A new report says untreated sewage is still flowing into the waterways of Canada’s second largest and most populated province.
The Ontario Environmental Commissioner’s latests report indicated that raw sewage overflowed into the provinces waterways on over 1,300 occasions. 766 of these from 57 outdated municipal sewer systems that combine sewage with stormwater.
“It is unbelievable that in 2018, the government allows this much filth into our lakes and rivers. These are the places Ontarians spend time with their families, where they swim and fish. These shorelines and waters are home to Ontario’s rich biodiversity, and to us.” Dianne Saxe, Environmental Commissioner of Ontario.
Saxe also points out that agricultural runoff is not well controlled leading to toxic algae growth in waterways. In addition, some 58 toxic industrial wastes are still allowed to be dumped directly into waterways up to amount limits set 25 years ago, and not updated since in spite of greatly increased knowledge and technology.
The report also notes the importance of wetlands as water filters and for flood mitigation but says “southern Ontario has lost nearly three-quarters of its wetlands in the last two centuries, and wetland loss continues today”.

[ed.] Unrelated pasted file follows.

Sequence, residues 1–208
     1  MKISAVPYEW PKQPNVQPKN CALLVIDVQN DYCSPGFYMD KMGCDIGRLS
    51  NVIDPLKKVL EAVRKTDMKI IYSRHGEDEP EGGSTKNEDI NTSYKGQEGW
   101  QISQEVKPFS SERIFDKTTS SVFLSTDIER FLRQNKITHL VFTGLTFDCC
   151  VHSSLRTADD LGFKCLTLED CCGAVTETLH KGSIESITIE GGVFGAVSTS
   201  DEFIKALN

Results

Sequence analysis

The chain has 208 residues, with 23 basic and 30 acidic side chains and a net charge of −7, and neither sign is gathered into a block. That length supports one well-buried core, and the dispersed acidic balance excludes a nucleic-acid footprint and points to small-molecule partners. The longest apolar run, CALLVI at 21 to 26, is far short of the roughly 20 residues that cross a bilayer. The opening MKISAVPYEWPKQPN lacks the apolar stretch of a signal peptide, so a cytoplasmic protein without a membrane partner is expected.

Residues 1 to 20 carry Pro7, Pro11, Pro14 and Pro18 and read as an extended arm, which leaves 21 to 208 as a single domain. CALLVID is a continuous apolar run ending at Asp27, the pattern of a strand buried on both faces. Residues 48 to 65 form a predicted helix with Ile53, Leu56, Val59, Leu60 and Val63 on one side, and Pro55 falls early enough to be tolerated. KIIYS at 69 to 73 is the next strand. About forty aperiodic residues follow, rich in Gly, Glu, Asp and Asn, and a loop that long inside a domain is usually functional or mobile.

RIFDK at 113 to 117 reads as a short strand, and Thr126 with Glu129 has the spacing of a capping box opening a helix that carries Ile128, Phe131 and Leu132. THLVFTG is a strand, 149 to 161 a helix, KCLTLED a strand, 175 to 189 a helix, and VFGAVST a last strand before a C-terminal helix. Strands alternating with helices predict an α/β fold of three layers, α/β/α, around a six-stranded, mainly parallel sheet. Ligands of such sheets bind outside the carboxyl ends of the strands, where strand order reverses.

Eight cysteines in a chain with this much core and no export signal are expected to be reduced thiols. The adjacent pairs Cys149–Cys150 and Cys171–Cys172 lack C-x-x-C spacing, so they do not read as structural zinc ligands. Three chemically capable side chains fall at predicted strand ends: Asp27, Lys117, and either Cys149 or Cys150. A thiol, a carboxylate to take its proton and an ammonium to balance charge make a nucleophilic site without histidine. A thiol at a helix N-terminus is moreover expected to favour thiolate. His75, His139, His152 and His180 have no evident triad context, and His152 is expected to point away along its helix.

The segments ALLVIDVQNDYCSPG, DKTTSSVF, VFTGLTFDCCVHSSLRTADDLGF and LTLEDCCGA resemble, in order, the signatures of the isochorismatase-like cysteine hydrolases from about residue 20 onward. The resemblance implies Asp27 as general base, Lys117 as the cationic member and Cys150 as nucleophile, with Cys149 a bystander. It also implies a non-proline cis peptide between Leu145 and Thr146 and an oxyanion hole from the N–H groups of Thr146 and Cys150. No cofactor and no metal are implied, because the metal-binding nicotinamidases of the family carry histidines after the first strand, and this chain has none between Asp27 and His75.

The report notes that wetlands are basically unprotected until the Ministry of Natural Resources and Forestry determines if they are “provincially significant”. However, there is an enormous backlog of 260 years in the process meaning uncertainty for developers and ongoing wetland loss and the province still allows destruction of even protected wetlands for agriculture, infrastructure, and resource extraction purposes
The most densely populated area of the province in in the southern area along the border with the U.S. stretching from Windsor in the west, to Cornwall in the east.
The report says, “many southern Ontario watersheds have less
than the 30% forest cover required for marginally functional ecosystems. Some municipalities in southwestern Ontario have less than 10% forest cover, and one has as little as 3% left, but the government continues to allow the loss of what little we have left”.
The report makes several recommendations but ends on a promising note that, “Small changes can better protect Ontario’s water, wetlands, woodlands and wildlife. My report offers sensible solutions. Many cost relatively little and would yield big rewards.”